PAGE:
and mistake. He held that because Koam could not rely on the
tainted inspection certificates, or affidavits of its employees,
it could not carry its burden of showing that the quality of the
tomatoes DiMare had shipped to it was inferior. Accordingly, he
held that the full contract price was payable by Koam, and set
aside the $4,800 adjustments.
On Koam's appeal to this court, the parties stipulated the
facts as follows:
1. DiMare was the complainant in a reparation proceeding
brought under the Perishable Agricultural Commodities Act of
1930, as amended ("PACA"), 7 U.S.C. § 499a et seq., entitled
DiMare Homestead, Inc. v. Koam Produce, Inc., ("PACA Docket
R-00-159, United States Department of Agriculture, Before the
Secretary of Agriculture") ("Reparation Proceeding").
2. Koam was the respondent in the reparation proceeding.
3. DiMare instituted the reparation proceeding by filing an
informal complaint against Koam on December 1, 1999 in which
DiMare sought reparations in the amount of $4,800.00 in
connection with DiMare's sale of tomatoes to Koam.
4. Thereafter, on April 7, 2000, DiMare filed a formal
complaint against Koam seeking the same relief that DiMare
requested in its informal complaint.
5. The amount of the claim against Koam did not exceed
$30,000.00, and therefore the reparation proceeding was
conducted under the documentary procedure provided in the Rules
of Practice (7 C.F.R. § 47.20).
6. By decision and order dated November 16, 2000 (the
"Reparation Order"), Judicial Officer, William G. Jenson, acting
through the office of the Secretary of Agriculture (the
"Secretary") granted DiMare the relief it requested in its
complaint and ordered Koam to pay reparations in the sum of
$4,800.00 plus interest and costs.
7. On or about January 10, 2001, Koam filed a petition for
reconsideration of the Reparation Order with the Secretary.
8. On or about March 1, 2001, the Secretary issued an order on
reconsideration dismissing Koam's petition for reconsideration
and upholding the Reparation Order.
9. Koam appealed the Reparation Order to the United States
District Court Southern District of New York when it filed with
the Court a Notice of Appeal and Petition on or about March 23,
10. DiMare is a corporation whose address is 258 N.W. 1st
Avenue, Florida City, Florida 33034.
11. Petitioner is a corporation whose address is 238 NYC
Terminal Market, Bronx, New York 10474.
TRANSACTIONS BETWEEN KOAM AND DiMARE
13. On March 16, 1999, under DiMare invoice number 1316,
DiMare shipped to Koam 1600 boxes of DiMare brand 5 × 6 tomatoes
at a price of $7.85 per box plus $23.50 for temperature recorder
or a total of $12,583.50 F.O.B.
14. The shipment arrived at Koam on March 18, 1999 and, at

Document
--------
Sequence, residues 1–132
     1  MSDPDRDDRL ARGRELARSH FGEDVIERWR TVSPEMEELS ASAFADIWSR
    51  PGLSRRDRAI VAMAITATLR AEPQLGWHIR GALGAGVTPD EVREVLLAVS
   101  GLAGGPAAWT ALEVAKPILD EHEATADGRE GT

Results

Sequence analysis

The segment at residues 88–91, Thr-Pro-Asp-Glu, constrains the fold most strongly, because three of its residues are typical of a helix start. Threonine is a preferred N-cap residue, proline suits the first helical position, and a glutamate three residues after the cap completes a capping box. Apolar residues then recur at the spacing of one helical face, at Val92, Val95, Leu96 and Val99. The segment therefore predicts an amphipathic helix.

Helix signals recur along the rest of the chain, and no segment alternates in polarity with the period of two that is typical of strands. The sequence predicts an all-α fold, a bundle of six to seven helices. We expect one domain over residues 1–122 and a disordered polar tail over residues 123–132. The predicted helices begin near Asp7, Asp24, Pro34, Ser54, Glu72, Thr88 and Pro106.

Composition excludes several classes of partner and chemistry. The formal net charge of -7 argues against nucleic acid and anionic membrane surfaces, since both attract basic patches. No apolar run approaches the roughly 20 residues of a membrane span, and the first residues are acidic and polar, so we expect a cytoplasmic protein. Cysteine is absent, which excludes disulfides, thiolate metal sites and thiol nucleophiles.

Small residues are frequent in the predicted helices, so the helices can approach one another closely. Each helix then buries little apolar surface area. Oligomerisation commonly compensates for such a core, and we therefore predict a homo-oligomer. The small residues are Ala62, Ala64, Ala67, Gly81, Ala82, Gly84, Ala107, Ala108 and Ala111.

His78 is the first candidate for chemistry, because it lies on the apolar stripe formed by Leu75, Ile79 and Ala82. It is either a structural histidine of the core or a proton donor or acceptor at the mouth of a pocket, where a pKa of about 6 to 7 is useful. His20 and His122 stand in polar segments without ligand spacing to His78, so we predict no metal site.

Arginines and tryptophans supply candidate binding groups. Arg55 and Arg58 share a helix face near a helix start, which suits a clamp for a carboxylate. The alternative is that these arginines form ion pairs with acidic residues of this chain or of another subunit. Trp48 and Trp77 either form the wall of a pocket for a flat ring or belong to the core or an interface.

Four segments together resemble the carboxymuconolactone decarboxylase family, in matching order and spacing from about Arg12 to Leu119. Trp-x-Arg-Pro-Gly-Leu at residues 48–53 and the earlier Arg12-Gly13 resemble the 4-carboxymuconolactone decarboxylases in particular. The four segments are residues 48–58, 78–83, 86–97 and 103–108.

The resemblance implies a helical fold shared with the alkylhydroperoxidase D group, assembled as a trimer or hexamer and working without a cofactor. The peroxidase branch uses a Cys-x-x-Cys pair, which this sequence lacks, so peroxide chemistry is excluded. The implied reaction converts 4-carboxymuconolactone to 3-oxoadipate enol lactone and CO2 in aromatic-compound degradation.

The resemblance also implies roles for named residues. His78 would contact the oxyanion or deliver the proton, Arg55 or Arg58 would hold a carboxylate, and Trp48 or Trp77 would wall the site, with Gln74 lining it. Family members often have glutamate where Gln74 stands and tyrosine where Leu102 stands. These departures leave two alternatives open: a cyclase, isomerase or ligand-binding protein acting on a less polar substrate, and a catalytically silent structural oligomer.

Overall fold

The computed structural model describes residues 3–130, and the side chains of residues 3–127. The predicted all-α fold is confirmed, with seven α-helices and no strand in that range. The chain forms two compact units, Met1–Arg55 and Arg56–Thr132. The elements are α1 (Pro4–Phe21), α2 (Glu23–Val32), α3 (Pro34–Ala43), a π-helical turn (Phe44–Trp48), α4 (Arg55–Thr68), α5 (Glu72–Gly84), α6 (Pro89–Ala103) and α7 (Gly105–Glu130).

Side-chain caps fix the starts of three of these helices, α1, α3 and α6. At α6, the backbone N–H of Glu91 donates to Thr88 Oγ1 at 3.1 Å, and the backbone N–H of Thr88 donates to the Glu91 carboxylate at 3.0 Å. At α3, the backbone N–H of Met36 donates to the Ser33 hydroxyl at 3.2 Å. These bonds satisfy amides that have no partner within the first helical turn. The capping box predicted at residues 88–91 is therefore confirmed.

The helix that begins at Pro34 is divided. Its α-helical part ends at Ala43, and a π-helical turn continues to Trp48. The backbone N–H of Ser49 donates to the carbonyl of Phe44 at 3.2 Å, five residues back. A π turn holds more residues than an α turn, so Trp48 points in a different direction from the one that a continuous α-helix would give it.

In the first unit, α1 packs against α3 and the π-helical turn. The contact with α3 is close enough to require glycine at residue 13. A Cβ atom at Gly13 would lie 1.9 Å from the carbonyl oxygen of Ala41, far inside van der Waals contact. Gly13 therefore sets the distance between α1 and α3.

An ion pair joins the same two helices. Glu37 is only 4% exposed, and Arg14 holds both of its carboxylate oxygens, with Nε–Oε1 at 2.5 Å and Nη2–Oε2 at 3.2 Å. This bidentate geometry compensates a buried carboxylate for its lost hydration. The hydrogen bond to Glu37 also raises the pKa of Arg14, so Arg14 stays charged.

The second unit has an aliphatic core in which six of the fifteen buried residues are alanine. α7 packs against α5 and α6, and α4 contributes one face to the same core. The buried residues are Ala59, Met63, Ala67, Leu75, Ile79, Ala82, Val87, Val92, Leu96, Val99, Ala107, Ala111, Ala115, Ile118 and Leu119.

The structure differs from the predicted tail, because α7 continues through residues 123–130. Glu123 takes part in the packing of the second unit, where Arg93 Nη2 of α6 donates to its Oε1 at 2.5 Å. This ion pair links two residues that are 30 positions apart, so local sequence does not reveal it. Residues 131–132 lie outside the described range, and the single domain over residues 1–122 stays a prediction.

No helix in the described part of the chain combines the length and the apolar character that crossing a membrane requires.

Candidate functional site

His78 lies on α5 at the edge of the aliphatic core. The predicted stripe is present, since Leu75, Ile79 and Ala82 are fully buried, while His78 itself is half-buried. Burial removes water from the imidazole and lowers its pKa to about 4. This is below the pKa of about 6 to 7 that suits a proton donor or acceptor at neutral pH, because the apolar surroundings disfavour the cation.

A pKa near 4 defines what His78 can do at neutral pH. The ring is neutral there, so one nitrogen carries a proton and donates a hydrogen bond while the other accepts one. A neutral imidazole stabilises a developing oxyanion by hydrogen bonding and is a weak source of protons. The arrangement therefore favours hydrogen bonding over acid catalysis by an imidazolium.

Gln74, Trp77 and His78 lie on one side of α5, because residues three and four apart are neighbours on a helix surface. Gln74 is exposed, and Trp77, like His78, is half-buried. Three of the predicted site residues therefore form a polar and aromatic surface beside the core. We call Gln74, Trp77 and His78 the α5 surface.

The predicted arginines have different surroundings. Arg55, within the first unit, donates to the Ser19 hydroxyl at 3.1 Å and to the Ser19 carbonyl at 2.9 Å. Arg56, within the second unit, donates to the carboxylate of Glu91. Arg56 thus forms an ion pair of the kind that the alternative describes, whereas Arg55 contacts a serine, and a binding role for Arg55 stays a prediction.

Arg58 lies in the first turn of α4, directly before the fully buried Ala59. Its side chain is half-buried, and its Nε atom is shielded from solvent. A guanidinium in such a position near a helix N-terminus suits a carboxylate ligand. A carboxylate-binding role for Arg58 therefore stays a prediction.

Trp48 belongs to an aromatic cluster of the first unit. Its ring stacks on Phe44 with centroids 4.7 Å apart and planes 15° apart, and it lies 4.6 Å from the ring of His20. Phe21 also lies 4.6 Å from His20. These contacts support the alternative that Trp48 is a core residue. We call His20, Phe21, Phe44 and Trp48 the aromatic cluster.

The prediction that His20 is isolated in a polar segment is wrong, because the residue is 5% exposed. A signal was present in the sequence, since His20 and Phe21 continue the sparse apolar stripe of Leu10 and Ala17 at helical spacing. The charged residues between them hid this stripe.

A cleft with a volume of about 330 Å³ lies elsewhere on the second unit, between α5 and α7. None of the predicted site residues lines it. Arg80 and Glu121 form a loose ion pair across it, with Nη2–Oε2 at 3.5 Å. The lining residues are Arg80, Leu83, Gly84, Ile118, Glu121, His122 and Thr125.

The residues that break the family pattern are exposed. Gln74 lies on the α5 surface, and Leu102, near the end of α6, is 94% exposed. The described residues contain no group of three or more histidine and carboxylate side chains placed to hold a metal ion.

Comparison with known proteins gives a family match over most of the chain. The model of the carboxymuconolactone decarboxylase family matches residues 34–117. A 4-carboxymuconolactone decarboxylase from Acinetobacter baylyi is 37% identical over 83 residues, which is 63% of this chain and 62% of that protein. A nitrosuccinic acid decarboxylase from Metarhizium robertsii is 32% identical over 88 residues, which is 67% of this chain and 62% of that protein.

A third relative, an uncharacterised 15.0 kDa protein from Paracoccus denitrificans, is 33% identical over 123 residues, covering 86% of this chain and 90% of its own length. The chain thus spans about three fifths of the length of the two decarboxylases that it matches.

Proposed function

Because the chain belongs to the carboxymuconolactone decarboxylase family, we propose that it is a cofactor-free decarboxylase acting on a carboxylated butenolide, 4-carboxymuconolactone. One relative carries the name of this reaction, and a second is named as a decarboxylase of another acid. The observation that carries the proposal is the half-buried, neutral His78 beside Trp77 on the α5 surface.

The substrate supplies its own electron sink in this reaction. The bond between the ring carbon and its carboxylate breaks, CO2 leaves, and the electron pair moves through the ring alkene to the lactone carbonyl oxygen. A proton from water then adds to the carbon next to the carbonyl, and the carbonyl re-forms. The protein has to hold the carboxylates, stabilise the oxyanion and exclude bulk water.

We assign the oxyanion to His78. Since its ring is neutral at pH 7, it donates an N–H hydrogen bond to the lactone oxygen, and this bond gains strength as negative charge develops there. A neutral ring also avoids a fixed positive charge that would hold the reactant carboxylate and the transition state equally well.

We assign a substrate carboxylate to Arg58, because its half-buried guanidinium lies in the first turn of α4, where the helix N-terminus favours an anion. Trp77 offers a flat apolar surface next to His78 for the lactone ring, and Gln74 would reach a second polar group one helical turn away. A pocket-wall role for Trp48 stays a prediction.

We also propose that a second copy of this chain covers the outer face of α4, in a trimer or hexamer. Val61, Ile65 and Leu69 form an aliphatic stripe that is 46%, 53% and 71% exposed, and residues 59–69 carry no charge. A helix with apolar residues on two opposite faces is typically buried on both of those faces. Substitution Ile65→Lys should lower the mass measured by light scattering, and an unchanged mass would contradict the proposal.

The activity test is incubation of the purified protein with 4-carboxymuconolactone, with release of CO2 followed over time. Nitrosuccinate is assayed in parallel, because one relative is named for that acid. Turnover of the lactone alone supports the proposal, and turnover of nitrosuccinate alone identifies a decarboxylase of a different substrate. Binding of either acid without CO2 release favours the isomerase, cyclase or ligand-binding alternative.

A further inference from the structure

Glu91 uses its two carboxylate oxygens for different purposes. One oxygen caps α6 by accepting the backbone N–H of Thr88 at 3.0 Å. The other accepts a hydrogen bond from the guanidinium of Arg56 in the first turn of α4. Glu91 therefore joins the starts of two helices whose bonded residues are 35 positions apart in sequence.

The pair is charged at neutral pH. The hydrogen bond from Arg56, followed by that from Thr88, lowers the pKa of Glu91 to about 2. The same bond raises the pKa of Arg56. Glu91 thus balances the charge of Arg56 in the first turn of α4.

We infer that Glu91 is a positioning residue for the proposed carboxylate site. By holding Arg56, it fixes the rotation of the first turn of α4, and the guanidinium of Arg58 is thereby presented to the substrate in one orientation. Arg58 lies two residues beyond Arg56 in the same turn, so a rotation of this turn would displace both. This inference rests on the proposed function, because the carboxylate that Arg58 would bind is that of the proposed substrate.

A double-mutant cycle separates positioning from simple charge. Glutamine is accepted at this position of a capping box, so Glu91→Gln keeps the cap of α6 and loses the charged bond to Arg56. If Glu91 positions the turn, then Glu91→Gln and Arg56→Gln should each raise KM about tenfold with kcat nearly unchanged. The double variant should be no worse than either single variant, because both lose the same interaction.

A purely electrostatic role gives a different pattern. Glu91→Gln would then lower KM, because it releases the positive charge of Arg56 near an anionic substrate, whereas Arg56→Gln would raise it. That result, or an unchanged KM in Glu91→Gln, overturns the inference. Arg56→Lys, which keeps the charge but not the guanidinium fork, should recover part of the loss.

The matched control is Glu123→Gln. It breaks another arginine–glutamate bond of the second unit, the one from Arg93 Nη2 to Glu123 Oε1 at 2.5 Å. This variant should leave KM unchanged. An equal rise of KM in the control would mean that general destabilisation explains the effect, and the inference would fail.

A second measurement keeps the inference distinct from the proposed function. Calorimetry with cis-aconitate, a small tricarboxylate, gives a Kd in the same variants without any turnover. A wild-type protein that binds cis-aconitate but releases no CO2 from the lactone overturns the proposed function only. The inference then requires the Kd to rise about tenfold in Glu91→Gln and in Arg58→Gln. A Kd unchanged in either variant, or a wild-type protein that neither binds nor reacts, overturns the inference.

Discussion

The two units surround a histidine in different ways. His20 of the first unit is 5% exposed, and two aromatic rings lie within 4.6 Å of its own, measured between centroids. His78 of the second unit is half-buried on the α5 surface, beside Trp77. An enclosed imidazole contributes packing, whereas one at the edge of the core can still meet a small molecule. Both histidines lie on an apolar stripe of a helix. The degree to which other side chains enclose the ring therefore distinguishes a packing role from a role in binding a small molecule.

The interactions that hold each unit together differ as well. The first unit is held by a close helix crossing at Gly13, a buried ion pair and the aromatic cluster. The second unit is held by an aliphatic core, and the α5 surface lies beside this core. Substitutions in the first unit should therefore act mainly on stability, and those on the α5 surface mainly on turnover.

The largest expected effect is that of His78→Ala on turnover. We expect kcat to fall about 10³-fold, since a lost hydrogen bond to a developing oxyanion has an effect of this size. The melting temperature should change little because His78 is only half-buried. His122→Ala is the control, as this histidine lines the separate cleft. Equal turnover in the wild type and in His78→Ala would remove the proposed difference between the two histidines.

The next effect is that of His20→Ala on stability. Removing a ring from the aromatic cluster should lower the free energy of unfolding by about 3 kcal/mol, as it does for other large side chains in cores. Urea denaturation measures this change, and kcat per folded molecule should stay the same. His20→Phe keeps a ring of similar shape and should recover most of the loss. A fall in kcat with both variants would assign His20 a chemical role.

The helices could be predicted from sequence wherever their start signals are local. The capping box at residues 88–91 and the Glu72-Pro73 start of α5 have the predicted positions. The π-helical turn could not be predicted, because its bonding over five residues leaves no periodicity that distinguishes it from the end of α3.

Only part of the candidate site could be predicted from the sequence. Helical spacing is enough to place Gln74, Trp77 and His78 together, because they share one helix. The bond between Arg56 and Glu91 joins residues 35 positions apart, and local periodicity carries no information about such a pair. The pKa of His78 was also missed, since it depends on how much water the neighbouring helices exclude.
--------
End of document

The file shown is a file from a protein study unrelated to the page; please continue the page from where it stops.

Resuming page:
Koam's request, 2 federal inspections were conducted, K677992-0
and K678203-1. Subsequent to the inspections, DiMare granted to
Koam an allowance of $.50 per box or $800.00 in total. Koam
check number 19666 in the amount of $11,783.50 was paid to
DiMare in full payment of DiMare invoice number 1316. Neither of
the investigations were conducted by investigators charged with
or connected with any wrong doing regarding the Hunts Point
15. The transaction evidenced by DiMare invoice number 1316
was not included in DiMare's complaint against Koam.
16. On March 20, 1999, under DiMare invoice number 1383,
DiMare shipped to Koam 1600 boxes of DiMare brand 5 × 6 count
price of $7.85 per box plus $23.50 for recorder or a total
17. The shipment arrived at Koam on March 22, 1999, and
without inspection, DiMare granted to Koam an allowance of $1.00
per box or $1600.00 in total. Koam paid DiMare invoice number
1383 by check number 19735 in the amount of $10,983.50
18. The transaction evidenced by DiMare invoice number 1383
was not included in DiMare's complaint against Koam.
19. On March 27, 1999 under DiMare invoices 1578 and 90884,
DiMare shipped to Koam 800 boxes of 5 × 6 at $5.85 per box and
160 boxes of plum tomatoes at $7.90 per box plus $23.50 for
recorder for a total of $5,967.50 for the two invoices. The
shipment arrived at Koam on March 29, 1999. Koam paid DiMare
invoices 1578 and 90884 by check number 19790 in the amount of
$5,967.50. The transaction covered by DiMare invoices 1578 and
90884 are not the subject of DiMare's complaint against Koam.
20. On March 27, 1999 under DiMare invoice number 1678, DiMare
shipped to Koam 800 boxes of 5 × 6 tomatoes at the price of
$5.85 per box plus $23.50 for recorder for a total of $4703.50.
There was no federal inspection of the shipment. Koam paid
DiMare invoice number 1678 by check number 19870 in the amount
of $4,703.50. The shipment ...